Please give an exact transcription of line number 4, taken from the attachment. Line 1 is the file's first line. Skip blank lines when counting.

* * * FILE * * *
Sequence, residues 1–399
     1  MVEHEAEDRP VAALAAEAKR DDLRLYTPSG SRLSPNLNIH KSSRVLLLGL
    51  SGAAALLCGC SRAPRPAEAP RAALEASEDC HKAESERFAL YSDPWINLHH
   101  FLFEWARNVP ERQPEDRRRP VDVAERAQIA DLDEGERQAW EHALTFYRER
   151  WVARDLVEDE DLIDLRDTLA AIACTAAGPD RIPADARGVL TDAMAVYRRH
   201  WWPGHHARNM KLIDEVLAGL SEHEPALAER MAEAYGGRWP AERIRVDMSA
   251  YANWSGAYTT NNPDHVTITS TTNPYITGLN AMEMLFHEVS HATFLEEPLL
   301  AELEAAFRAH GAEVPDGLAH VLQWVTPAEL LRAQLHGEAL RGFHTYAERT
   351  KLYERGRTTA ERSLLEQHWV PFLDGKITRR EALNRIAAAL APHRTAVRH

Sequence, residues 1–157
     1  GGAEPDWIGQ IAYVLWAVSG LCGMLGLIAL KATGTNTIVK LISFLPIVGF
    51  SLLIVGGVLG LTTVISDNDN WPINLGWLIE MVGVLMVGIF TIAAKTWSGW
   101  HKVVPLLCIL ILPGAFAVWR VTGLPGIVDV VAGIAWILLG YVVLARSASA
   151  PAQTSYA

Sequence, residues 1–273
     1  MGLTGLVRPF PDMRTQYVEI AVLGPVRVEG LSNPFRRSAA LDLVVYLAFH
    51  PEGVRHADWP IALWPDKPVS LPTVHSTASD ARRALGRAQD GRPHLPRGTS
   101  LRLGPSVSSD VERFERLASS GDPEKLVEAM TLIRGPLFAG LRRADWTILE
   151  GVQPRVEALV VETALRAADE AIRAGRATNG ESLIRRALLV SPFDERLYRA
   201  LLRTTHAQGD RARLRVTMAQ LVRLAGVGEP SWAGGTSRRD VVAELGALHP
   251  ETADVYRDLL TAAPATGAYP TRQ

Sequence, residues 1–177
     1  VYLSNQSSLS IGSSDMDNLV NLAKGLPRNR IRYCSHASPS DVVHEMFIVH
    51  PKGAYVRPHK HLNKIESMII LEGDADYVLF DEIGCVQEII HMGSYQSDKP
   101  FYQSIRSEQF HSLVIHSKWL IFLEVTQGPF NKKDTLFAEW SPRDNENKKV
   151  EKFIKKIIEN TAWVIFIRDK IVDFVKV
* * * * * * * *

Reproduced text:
   101  FLFEWARNVP ERQPEDRRRP VDVAERAQIA DLDEGERQAW EHALTFYRER